Another sports-themed post!
That's three this week!
Write what you know, or at least what you can reasonably pass off as knowing, some smart person once said, so yes I am wrapping up a tremendous week on the blog with a little Friday diversion, and once again it is taken from the world of sports. If you don't like it, ask for your money back :)
This story is about sports, but it is also about chasing a goal, making a commitment, and not letting other people define you, and perhaps more importantly, what you are capable of achieving. And no, it is not about the 'jump from space' guy, that guy is just crazy.
Submitted for your review, the story of 76-year-old Don Wiberg, and his attempt to land a coveted roster spot for the basketball team the Santa Cruz Warriors of NBA D-League, (the 'D' stands for 'Developmental', think of the league as a minor league feeder and place where raw talent can refine their skills to be better prepared for the NBA).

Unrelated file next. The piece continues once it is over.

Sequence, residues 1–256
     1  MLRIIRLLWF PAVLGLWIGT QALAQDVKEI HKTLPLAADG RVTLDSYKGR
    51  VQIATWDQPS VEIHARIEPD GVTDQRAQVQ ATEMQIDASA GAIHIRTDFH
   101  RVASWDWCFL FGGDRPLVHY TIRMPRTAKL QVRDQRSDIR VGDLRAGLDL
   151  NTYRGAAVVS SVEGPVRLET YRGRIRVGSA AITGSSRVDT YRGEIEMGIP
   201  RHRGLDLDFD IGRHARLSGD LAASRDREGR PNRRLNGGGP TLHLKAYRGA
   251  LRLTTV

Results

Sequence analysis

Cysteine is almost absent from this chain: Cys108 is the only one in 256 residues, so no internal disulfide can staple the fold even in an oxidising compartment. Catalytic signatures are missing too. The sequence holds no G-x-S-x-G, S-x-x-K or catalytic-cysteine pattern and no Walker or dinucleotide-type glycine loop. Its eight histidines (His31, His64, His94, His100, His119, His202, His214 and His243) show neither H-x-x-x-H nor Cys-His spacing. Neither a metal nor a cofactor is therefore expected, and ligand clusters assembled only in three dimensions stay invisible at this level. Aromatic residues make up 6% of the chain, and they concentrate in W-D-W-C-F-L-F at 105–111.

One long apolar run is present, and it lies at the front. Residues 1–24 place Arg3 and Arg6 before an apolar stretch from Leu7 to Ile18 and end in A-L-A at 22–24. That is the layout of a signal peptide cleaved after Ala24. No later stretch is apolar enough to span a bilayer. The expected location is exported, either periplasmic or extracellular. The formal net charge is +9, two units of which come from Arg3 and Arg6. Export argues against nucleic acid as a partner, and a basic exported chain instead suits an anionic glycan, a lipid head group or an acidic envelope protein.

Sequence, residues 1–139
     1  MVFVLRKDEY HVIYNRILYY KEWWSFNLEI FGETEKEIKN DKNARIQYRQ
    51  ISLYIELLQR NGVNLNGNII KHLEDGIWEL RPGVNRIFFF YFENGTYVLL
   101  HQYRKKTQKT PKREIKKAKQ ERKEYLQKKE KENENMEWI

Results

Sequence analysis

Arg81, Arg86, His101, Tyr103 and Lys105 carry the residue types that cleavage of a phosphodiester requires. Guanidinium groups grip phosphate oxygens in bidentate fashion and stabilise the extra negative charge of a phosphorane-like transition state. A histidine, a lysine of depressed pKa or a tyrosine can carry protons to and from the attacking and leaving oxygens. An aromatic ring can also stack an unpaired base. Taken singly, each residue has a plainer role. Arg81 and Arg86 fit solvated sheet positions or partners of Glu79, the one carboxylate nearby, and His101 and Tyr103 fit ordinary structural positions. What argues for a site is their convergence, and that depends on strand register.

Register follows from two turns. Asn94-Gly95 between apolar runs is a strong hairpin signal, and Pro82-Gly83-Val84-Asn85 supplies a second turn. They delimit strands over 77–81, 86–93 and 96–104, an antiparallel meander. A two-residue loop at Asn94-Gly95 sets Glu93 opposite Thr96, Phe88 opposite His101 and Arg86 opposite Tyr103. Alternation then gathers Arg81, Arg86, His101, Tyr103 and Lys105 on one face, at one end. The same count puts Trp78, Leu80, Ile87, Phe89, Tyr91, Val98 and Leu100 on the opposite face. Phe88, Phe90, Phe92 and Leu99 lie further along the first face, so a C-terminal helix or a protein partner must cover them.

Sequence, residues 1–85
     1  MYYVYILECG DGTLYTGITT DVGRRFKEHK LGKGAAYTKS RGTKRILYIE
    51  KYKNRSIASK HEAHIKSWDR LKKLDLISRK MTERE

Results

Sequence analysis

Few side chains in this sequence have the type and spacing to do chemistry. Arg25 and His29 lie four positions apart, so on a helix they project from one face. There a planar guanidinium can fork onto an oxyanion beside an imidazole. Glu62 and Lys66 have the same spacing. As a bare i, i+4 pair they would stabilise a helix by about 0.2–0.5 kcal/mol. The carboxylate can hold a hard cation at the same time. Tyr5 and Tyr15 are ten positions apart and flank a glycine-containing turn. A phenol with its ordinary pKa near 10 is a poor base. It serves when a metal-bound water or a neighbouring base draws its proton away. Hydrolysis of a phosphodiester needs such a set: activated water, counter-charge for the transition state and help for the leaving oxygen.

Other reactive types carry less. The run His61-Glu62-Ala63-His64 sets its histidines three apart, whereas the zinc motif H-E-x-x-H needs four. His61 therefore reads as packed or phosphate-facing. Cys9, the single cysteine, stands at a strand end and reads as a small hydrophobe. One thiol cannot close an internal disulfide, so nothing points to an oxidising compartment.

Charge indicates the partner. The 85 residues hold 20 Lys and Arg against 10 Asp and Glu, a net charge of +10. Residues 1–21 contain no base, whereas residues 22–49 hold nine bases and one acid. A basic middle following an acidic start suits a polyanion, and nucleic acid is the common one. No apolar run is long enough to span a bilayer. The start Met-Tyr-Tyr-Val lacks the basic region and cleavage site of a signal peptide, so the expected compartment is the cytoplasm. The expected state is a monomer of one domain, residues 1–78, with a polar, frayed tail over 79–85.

Catch the video below, (Mr. Wiberg enters at about the :50 second mark, email and RSS subscribers click through), and see if you caught the most imporant line in the clip.
So did you catch that? Here's the important part of Wiberg's assessment of his own skills:
'I can't say that I can run or jump or shoot because I can't, but for a guy who can't run or jump or shoot, I'm a decent passer, and I'll get in there and mix it up.'
Think of every job interview you've participated in, and whether as the interviewer or the interviewee, I would bet either way you'd be lucky to have such an honest presentation and assessment of a candidate's skills to be considered. It hits the 'What's your biggest weakness?' question, and simultaneously presents what the candidate will bring to the table.
And in this case what Wiberg offers may be more important to long-term success than any job-specific skills you are looking for.
Sure, in professional basketball there is only so much willingness to 'mix it up' that can compensate for a lack of basic, essential sports skills and physical requirements that a 76-year-old will just not be able to produce, but for the vast majority of the roles in our organizations those same physical skills are either not relevant, or can be learned.
And for those, that willingness to 'mix it up', might be more important than all the other skills combined.
I'm out - have a great weekend all!